Trust me in your times of trouble, and I will rescue you, and you will give me glory.
Psalm 50:15 NLT
God will use whatever he wants to display his glory. Heavens and stars. History and nations. People and problems. My dying dad in West Texas.
The last three years of his life were scarred by ALS. The disease took him from a healthy mechanic to a bedbound paralytic. He lost his voice and his muscles, but he never lost his faith. Visitors noticed. Not so much in what he said but more in what he didn’t say. Never outwardly angry or bitter, Jack Lucado suffered stately.
His faith led one man to seek a like faith. After the funeral this man sought me out and told me. Because of my dad’s example, he became a Jesus follower.
Did God orchestrate my father’s illness for that very reason? Knowing the value he places on one soul, I wouldn’t be surprised. And imagining the splendor of heaven, I know my father’s not complaining.
A season of suffering is a small assignment when compared to the reward.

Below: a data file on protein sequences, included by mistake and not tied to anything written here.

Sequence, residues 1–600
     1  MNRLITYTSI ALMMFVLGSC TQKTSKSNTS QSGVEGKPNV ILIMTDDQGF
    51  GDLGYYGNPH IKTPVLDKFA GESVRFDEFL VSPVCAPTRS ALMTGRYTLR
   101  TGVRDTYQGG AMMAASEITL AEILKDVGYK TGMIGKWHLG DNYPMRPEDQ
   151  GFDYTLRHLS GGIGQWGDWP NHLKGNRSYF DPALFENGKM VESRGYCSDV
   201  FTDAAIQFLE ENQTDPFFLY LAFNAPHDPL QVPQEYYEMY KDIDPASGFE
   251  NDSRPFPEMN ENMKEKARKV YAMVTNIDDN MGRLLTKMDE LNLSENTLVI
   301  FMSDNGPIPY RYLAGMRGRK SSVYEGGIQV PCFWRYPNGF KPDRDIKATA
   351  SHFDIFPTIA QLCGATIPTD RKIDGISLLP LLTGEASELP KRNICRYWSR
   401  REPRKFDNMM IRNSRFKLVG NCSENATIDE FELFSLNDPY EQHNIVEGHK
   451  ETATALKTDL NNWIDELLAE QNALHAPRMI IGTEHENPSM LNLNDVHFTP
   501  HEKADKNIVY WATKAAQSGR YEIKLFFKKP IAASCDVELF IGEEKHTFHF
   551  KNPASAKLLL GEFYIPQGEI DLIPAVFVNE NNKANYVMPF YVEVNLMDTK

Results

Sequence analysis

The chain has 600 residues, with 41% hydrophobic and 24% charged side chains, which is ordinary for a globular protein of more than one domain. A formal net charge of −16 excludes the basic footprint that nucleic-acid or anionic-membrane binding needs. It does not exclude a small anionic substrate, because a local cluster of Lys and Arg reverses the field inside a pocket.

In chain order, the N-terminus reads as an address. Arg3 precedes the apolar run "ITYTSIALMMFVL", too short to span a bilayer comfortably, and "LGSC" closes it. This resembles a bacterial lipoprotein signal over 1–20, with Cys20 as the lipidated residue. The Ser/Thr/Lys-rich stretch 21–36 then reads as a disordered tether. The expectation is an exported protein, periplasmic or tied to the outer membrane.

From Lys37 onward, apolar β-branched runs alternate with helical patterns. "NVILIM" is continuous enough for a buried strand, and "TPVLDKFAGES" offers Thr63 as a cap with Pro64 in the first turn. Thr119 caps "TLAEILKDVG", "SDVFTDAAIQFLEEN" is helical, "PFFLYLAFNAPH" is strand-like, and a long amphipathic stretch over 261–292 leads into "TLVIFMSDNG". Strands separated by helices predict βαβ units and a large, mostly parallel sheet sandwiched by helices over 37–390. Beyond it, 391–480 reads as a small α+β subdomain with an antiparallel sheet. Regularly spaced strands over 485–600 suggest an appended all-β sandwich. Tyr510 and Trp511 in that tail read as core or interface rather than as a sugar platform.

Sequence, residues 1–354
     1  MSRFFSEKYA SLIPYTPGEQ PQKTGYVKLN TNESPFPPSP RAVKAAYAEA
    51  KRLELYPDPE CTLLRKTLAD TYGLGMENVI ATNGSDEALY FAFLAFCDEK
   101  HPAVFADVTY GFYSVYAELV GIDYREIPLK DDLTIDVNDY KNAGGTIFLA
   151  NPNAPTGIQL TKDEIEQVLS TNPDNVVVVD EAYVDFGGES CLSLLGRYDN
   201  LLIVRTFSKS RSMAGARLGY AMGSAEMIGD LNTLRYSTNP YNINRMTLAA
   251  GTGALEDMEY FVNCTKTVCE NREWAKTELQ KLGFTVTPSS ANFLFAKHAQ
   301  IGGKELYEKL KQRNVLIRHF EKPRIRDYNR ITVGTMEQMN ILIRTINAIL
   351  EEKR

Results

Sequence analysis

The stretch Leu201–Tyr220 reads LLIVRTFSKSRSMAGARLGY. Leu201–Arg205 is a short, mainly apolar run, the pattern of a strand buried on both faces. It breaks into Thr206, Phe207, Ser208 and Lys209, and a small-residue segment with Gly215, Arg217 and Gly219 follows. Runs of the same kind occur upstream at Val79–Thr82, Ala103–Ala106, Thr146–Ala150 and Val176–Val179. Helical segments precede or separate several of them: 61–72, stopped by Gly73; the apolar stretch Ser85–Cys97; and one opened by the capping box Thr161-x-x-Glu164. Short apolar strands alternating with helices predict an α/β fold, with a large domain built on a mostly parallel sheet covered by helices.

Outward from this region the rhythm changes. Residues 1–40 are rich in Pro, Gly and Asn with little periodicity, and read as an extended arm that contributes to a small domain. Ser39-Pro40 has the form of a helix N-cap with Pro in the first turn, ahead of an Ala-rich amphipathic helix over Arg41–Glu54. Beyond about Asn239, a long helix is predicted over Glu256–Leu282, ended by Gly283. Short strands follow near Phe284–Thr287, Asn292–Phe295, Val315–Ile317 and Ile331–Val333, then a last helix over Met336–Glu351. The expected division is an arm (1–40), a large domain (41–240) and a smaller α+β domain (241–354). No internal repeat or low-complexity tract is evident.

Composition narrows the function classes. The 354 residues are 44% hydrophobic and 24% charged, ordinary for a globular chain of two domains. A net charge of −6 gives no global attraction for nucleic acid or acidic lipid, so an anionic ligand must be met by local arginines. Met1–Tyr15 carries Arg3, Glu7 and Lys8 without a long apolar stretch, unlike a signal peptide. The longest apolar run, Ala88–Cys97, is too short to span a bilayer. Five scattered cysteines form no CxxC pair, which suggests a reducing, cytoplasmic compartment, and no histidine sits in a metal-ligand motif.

Rather than begrudge your problem, explore it. Ponder it. And most of all, use it. Use it to the glory of God. . . .
Your pain has a purpose. Your problems, struggles, heartaches, and hassles cooperate toward one end—the glory of God.
—from It’s Not About Me
Heavenly Father, when problems and pain come my way, help me to remember that nothing comes into my life without your approval. Rather than complain and cry about the challenges I face, help me consider them as opportunities to bring glory to you. Give me the strength and patience to bear my burdens in a way that will honor you. I will lift my eyes off the trials and keep them fixed firmly on you, amen.
Our God whom we serve is able to deliver us from the burning fiery furnace, and He will deliver us.
Not a word failed of any good thing which the Lord had spoken to the house of Israel. All came to pass.
Many are the afflictions of the righteous, but the Lord delivers him out of them all.
From Live Loved: Experiencing God’s Presence in Every Day Life
Copyright (Thomas Nelson, 2011) Max Lucado